Interview Advice - What’s your Story?

Posted on 13 March 2022

Businesses potential and success can be measured by the quality of their employees and so hiring is a chance for a business to improve. Therefore they are naturally looking for the very best candidate they can find.

This article is based on making sure you can ensure you highlight your talents effectively, we won't be covering the standard interview preparation advice, but how you can do more to stand out from the other interviewees and ensure you give the best impression of yourself.

You need stories, not fabrications but actual examples of what you have achieved, transformed, changed, learnt or improved. This may sound obvious but thousands of candidates interview every day and only a few get this right. Stories are more memorable for interviewers, they stick in people's memories, bringing your experience to life and enabling the interviewer(s) to visualise you in their role, successfully delivering its duties.

As an interviewer selecting the best candidate can be incredibly hard and you have to remember very few hiring managers have ever had any detailed training in interviewing and hiring. Hiring managers aren't perfect they are not trained investigators with interrogation skills to ensure they get the truth, so it is important you realise as the interviewee it is your responsibility to ensure that you leave the interview having given the best presentation of your suitability to the vacancy as possible.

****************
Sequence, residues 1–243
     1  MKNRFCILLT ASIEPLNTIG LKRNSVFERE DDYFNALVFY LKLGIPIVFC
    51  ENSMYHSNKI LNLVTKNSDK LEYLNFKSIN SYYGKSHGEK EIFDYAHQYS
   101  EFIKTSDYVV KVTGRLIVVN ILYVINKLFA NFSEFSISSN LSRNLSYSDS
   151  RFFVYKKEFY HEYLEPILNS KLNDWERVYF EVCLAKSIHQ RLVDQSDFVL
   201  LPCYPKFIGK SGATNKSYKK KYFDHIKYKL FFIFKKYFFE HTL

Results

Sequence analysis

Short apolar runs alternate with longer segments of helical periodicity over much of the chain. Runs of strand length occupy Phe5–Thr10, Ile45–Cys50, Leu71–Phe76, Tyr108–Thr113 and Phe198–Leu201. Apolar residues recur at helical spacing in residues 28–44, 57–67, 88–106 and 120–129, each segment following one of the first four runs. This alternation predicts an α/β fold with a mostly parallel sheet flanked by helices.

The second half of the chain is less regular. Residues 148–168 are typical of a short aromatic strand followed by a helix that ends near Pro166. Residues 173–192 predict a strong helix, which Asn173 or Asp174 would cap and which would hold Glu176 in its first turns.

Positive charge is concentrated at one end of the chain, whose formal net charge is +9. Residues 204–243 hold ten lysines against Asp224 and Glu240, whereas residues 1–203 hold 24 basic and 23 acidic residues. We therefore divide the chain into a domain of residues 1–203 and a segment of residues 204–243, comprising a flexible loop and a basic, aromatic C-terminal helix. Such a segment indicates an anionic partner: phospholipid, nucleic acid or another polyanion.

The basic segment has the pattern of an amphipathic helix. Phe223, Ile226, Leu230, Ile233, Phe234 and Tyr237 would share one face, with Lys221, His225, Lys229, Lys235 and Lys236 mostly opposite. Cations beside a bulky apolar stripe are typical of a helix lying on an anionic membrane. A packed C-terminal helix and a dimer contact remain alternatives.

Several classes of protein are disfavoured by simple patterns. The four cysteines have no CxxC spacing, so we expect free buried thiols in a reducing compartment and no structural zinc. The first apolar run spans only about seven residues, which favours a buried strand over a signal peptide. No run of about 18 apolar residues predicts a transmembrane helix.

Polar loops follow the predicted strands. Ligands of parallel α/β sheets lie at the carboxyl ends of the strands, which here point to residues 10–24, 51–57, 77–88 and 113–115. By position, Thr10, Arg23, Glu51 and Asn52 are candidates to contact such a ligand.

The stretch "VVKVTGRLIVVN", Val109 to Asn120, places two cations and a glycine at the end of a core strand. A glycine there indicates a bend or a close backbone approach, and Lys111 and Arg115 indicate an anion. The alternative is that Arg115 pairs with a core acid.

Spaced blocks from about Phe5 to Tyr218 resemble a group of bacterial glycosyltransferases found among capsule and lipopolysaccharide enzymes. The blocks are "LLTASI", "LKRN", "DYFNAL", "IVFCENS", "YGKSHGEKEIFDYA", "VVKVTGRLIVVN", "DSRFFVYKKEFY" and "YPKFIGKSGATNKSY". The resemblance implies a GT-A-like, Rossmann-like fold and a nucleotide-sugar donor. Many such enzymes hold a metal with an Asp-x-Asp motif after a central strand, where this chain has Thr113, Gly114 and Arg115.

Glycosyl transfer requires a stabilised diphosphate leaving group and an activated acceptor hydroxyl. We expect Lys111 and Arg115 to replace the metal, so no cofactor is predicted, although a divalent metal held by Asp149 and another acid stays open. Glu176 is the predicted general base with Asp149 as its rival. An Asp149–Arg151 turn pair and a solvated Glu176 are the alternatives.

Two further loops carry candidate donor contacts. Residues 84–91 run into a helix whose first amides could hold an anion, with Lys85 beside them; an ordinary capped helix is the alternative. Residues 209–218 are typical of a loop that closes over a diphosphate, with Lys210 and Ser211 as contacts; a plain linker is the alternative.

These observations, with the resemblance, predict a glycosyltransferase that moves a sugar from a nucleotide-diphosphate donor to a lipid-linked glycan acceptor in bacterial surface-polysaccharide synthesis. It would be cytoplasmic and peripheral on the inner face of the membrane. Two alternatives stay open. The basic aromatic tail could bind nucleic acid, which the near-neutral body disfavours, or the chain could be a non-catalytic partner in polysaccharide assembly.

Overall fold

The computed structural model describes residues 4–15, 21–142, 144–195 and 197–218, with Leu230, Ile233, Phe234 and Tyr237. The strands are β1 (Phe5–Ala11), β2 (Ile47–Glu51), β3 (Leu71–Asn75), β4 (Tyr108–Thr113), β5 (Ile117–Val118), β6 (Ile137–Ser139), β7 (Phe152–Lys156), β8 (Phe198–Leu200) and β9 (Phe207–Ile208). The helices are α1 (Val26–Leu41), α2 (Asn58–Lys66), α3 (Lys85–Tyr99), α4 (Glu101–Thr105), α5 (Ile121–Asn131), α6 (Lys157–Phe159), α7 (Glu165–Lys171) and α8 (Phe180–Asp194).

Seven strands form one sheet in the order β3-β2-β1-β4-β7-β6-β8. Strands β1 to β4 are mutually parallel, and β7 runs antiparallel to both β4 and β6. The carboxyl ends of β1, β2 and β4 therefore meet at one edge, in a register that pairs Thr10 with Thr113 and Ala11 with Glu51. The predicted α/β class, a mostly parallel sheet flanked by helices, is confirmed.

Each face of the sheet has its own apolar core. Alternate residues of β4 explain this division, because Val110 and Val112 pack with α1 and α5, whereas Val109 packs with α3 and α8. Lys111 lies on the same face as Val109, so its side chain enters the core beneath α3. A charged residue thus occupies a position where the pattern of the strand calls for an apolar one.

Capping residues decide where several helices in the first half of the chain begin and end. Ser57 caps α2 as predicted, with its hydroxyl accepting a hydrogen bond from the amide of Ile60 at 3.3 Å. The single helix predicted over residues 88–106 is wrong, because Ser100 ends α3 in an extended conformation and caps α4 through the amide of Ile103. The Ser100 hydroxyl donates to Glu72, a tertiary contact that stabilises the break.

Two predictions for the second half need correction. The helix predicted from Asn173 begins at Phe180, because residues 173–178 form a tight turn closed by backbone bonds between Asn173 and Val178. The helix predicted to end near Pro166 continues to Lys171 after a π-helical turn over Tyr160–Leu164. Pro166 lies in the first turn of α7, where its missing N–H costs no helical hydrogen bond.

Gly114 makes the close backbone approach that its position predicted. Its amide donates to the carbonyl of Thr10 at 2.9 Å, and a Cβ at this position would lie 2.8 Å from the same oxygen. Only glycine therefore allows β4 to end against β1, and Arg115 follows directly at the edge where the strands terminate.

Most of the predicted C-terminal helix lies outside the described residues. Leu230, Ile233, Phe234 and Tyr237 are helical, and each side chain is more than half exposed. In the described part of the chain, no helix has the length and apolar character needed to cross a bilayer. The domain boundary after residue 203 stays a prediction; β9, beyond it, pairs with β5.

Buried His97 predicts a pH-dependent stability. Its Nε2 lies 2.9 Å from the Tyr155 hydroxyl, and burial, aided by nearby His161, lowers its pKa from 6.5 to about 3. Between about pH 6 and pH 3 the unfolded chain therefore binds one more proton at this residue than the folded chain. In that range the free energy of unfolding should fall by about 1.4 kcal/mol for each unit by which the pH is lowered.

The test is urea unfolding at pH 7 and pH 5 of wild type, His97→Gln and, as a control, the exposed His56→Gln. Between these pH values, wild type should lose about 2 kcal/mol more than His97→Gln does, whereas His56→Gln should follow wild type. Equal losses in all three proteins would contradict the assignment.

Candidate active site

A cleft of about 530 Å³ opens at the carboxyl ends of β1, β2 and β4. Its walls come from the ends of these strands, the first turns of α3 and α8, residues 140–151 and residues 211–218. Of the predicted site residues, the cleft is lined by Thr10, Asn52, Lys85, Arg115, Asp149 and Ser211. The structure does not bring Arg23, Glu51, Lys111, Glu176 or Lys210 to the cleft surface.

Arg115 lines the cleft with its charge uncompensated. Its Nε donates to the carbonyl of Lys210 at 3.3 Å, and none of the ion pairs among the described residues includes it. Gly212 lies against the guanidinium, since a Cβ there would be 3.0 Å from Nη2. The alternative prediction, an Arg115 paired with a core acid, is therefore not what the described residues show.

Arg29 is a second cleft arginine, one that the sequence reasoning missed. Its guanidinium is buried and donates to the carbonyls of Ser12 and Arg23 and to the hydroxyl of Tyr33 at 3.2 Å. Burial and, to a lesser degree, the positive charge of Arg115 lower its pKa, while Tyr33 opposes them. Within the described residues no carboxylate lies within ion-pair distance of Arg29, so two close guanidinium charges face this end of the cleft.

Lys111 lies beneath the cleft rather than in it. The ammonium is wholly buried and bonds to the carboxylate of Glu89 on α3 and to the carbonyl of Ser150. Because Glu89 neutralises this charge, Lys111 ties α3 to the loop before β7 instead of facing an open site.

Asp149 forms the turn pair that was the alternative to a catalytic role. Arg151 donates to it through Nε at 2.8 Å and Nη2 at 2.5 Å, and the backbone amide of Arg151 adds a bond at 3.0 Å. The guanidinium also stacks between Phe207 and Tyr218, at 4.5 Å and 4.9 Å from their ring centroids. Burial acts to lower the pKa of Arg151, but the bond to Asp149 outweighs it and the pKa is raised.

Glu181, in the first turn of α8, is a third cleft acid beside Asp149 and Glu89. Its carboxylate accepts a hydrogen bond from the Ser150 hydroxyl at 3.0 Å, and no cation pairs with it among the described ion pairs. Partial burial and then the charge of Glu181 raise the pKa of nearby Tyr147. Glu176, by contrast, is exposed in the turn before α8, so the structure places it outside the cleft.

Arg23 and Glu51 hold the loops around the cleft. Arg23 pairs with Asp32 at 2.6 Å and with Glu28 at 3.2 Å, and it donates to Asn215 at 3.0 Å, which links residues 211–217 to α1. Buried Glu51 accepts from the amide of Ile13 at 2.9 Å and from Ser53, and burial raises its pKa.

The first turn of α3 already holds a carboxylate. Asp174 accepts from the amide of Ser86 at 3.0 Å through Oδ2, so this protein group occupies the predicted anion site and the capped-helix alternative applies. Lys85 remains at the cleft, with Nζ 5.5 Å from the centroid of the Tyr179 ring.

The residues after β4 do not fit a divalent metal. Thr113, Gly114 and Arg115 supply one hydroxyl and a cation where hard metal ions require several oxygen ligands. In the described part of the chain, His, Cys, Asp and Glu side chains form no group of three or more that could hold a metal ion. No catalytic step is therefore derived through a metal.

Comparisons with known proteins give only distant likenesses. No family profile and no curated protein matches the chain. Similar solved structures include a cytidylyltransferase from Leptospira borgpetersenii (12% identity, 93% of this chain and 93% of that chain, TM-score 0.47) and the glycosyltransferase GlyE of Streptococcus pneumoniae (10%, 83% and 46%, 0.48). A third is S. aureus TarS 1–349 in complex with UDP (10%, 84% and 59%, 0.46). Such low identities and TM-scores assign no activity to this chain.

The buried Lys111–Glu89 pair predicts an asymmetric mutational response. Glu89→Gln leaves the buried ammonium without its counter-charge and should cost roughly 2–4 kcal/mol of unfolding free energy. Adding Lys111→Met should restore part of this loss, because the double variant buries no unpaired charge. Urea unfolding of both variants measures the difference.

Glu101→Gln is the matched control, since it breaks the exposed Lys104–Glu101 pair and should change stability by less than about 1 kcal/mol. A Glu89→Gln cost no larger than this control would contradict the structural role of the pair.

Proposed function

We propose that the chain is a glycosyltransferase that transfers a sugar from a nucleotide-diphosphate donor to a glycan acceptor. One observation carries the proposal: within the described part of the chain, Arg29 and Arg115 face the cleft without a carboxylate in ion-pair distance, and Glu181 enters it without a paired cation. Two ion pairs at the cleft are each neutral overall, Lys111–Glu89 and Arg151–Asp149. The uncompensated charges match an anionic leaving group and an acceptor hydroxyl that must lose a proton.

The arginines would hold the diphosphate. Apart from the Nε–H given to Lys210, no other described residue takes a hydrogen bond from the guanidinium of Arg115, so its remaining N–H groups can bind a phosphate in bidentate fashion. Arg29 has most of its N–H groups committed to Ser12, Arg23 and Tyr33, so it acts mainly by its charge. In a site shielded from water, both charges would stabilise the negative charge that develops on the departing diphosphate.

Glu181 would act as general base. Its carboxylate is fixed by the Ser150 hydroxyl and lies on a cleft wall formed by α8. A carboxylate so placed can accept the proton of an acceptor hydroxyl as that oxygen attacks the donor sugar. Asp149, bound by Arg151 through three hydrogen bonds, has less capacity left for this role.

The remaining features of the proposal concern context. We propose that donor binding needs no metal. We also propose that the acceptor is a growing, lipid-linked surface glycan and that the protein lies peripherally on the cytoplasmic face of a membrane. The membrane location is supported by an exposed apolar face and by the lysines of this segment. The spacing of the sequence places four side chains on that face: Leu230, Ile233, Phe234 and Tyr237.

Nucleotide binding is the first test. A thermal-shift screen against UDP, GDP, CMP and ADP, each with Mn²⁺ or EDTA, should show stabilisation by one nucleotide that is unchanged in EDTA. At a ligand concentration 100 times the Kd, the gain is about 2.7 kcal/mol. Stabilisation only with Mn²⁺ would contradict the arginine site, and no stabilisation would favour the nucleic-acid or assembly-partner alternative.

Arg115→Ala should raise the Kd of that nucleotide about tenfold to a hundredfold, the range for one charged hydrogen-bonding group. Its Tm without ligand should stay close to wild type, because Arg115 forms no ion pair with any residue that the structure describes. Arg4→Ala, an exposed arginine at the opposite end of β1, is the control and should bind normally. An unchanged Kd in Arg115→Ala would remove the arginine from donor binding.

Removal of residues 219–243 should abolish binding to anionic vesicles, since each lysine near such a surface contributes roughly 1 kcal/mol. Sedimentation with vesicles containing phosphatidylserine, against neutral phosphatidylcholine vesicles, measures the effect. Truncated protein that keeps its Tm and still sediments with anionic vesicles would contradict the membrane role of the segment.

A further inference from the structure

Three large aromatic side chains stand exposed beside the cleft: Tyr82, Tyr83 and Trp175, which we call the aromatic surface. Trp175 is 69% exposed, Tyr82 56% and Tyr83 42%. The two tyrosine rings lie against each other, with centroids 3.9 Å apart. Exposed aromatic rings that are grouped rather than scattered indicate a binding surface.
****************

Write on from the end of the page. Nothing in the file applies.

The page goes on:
There are a few ways to do this, but firstly you must avoid the trap of forcing a story into a question's response just because it is great and you want to ensure it is highlighted. Instead, if you have some strong examples that you wish you could have mentioned and there hasn't been an opportunity the best time to bring them up is at the end of the interview. At the "do you have any questions" point, say yes, but firstly there are a few relevant achievements we haven’t covered I would like to highlight... or alternatively you can mention them as part of your closing statement.

A closing statement is the last thing you say as part of the formal interview, a lot of candidates don’t do this and it can leave the hiring manager feeling unsure if you want the job. You should never assume your interest has come across, instead to make sure it does, outline your interest in the role, even more so having had the interview and that you are eager to proceed to the next stage.

To do this it can help if you track your successes and personal developments as they happen, either keep a note, update your CV or LinkedIn profile, you should have a long version of your CV that you shape for individual vacancy's requirements. This benefits interview preparation but also is a usual habit when it comes to review or bonus time as you can produce detailed examples of what you have achieved.

Your stories are unique to you, they separate you from everyone else and strengthen your cause, hiring managers will offer the candidate they have the most confidence in and the ability to picture you in the role really enforces this.

Remember, I call them stories but they must be factually accurate and you need to be able to align their relevance to the vacancy’s requirements, it is important you consider what you have achieved, not as part of a wider team, but as an individual.

Be memorable, for the right reasons, and make that hiring decision easier. 

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